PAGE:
Statue of Amitābha Buddha (A Di Đà Phật) on Fansipan (Phan Xi Păng) Mountain, Lào Cai Province.

Buddhism in Vietnam (Vietnamese: Đạo Phật, 道佛 or Phật Giáo, 佛教), as practiced by the Vietnamese people, is a form of East Asian Mahayana Buddhism. It is the main religion in Vietnam. Vietnamese Buddhism is generally inclusive and syncretic, drawing on the main Chinese Buddhist traditions, such as Tiantai (Vietnamese: Thiên Thai) and Huayan (Hoa Nghiêm), Zen (Thiền), and Pure Land (Tịnh Độ).[1][2][3]

Buddhism may have first come to Vietnam as early as the 3rd or 2nd century BCE from the Indian subcontinent or from China in the 1st or 2nd century CE.[4] Vietnamese Buddhism has had a syncretic relationship with certain elements of Taoism, Chinese spirituality, and Vietnamese folk religion.[5] Theravada Buddhism also exists, as well as indigenous forms of Vietnamese Buddhism such as Bửu Sơn Kỳ Hương and Hòa Hảo.


Buddhist Arhat mural in Liên Hoa cave, Ninh Bình province, dated 10-11th century
Statue of Avalokiteśvara
Statue of Avalokiteśvara (Quan Âm), lacquered and gilded wood at the Bút Tháp Temple, dating from the Revival Lê era with inscription "autumn of the year Bính Thân" (1656).

Dynastic period

There are conflicting theories regarding whether Buddhism first reached Vietnam during the 3rd or 2nd century BCE via delegations from India, or during the 1st or 2nd century from China.[6] In either case, by the end of the 2nd century CE, Vietnam had developed into a major regional Mahayana Buddhist hub, centering on Luy Lâu in modern Bắc Ninh Province, northeast of the present-day capital city of Hanoi. Luy Lâu was the capital of the Han region of Jiaozhi and was a popular destination visited by many Indian Buddhist missionary monks en route to China. The monks followed the maritime trade route from the Indian subcontinent to China used by Indian traders. A number of Mahayana sutras and the āgamas were translated into Classical Chinese there, including the Sutra of Forty-two Chapters and the Anapanasmrti-sutra.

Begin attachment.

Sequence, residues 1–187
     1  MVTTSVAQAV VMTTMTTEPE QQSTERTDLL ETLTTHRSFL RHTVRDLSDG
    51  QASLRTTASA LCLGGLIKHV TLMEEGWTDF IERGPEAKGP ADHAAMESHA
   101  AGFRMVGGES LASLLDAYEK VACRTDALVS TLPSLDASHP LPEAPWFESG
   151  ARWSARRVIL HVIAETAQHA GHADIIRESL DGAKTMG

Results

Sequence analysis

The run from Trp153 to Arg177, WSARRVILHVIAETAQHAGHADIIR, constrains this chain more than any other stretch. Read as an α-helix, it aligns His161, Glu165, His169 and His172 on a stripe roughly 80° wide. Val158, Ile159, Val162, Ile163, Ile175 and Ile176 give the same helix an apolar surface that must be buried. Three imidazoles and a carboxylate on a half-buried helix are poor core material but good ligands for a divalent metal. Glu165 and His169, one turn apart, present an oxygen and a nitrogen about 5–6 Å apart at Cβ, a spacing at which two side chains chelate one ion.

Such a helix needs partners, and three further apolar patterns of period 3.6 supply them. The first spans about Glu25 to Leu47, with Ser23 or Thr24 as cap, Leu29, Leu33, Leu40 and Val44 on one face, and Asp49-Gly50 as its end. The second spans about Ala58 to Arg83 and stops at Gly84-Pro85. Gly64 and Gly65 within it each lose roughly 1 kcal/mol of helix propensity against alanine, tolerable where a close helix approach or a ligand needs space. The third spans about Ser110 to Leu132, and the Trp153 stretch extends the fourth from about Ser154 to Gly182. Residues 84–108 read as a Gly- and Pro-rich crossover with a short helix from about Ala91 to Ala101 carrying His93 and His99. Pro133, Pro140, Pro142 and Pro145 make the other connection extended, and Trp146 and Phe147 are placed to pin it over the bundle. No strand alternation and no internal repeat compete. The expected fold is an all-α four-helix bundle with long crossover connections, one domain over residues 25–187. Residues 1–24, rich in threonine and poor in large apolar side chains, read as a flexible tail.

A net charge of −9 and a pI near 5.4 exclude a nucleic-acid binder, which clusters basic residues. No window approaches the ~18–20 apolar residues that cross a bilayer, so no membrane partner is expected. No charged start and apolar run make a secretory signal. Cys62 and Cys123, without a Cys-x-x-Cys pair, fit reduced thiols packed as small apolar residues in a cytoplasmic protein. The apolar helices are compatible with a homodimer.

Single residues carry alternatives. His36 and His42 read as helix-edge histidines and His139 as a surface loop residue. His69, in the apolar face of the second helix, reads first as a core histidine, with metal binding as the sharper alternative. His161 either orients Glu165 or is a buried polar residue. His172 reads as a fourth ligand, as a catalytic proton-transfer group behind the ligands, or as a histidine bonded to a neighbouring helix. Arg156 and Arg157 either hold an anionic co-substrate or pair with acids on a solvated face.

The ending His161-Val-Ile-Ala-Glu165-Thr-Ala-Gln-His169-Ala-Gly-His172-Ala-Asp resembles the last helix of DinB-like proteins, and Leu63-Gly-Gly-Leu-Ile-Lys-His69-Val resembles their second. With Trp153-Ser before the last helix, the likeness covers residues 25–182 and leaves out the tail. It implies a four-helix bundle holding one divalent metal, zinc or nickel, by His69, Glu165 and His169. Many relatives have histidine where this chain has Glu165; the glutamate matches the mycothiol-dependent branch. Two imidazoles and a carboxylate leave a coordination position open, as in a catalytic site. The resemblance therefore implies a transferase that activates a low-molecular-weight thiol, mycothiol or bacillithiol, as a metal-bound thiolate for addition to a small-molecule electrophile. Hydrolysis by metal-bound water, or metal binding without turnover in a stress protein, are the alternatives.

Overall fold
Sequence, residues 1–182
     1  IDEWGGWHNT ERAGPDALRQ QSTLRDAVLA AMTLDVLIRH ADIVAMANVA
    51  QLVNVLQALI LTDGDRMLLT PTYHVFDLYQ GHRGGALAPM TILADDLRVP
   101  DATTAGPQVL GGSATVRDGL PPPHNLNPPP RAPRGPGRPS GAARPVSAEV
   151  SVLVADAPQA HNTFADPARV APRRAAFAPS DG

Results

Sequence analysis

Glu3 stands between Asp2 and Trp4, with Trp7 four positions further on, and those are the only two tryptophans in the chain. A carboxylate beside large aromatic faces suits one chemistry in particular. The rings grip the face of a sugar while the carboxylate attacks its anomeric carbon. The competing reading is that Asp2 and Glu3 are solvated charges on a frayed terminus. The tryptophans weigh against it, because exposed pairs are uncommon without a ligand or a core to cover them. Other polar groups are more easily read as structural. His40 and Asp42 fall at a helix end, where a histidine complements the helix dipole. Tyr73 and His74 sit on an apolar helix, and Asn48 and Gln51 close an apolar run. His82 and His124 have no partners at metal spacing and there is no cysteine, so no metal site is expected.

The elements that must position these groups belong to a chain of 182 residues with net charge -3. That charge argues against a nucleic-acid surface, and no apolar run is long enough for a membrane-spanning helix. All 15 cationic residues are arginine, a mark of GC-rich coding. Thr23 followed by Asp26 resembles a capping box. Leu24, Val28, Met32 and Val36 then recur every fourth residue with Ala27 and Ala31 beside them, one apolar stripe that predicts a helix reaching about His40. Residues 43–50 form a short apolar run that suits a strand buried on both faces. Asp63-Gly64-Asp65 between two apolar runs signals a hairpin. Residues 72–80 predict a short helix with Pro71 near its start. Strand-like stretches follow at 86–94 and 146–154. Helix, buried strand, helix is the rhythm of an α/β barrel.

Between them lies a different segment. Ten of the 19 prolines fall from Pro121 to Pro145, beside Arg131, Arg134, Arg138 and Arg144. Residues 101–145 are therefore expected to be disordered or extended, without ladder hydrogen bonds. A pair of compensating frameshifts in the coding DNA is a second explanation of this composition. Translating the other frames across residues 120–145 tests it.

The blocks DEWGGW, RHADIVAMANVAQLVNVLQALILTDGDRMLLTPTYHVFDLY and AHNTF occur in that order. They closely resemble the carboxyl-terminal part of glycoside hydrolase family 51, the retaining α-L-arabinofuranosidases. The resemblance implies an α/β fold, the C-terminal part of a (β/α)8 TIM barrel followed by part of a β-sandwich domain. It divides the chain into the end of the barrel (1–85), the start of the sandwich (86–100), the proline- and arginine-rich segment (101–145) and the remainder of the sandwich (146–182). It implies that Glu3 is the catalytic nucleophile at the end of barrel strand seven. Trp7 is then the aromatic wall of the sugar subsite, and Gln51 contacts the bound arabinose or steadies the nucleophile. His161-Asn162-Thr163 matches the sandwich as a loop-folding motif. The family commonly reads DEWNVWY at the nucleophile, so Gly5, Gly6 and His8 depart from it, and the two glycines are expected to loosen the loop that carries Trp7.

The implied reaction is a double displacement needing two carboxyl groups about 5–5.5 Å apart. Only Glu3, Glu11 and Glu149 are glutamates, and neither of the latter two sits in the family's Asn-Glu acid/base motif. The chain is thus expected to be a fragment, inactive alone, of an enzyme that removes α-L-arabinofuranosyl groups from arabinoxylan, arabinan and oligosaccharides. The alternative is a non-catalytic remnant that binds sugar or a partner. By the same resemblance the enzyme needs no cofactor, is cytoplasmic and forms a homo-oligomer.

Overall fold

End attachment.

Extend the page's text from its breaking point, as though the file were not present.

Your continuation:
Jiaozhi was the birthplace of Buddhist missionary Kang Senghui, who was of Sogdian origin.[7][8]

Over the next eighteen centuries, Vietnam and China shared many common features of cultural, philosophical and religious heritage as a result of geographical proximity and Vietnam being annexed twice by China. Vietnamese Buddhism is thus related to Chinese Buddhism in general, and to some extent reflects the formation of Chinese Buddhism after the Song dynasty.[3] Meanwhile, in 875 new Cham king Indravarman II who was a devout Mahayana Buddhist, established Mahayana as Champa's state religion, and built the large monastery complex of Đồng Dương. His dynasty continued to rule Champa until the late 10th century.[9]

During the Đinh dynasty (968–980), Mahayana Buddhism was recognized by the state as an official religion (~971), reflecting the high esteem of Buddhist faith held by the Vietnamese monarchs, included some influences from the Vajrayana section.[10] The Early Lê dynasty (980–1009) also afforded the same recognition to the Buddhist sangha. The growth of Buddhism during this time is attributed to the recruitment of erudite monks to the court as the newly independent state needed an ideological basis on which to build a country. Subsequently, this role was ceded to Confucianism.[11]

Portrait of Zen master Nguyễn Minh Không (1065 – 1141)

Vietnamese Buddhism reached its zenith during the Lý dynasty (1009–1225), beginning with the founder Lý Thái Tổ, who was raised in a Buddhist temple.[12] All of the emperors during the Lý dynasty professed and sanctioned Buddhism as the state religion. This endured with the Trần dynasty (1225–1400), but Buddhism had to share the stage with the emerging growth of Confucianism.

Zen master Tuyên Anh, founder of a Buddhist monastery in Hanoi, Lê or Nguyễn dynasty

By the 15th century, Buddhism fell out of favor with the court during the Later Lê dynasty, although still popular with the masses. Officials like Lê Quát attacked it as heretical and wasteful.[13] It was not until the 19th century that Buddhism regained some stature under the Nguyễn dynasty, which accorded royal support.[14]

Nguyễn Tường Lân, A La Pagode, 1935
Nhất Linh,La Tonkinoise Et La Vieille Sage, 1926

A Buddhist revival movement (Chấn hưng Phật giáo) emerged in the 1920s in an effort to reform and strengthen institutional Buddhism, which had lost grounds to the spread of Christianity and the growth of other faiths under French rule. The movement continued into the 1950s.[15]

Republican period

See also: Buddhist crisis, Ngô Đình Diệm, Huế Phật Đản shootings, Huế chemical attacks, and Xá Lợi Pagoda raids

From 1954 to 1975, Vietnam was split into North and South Vietnam. In a country where surveys of the religious composition estimated the Buddhist majority to be approximately 70 to 80 percent,[16][17][18][19][20][21][22] South Vietnamese President Ngô Đình Diệm's policies generated claims of religious bias. As a member of the Catholic Vietnamese minority, he pursued pro-Catholic policies that antagonized many Buddhists.

Further information: Roman Catholicism in Vietnam § Roman Catholicism in South Vietnam (1954–1975)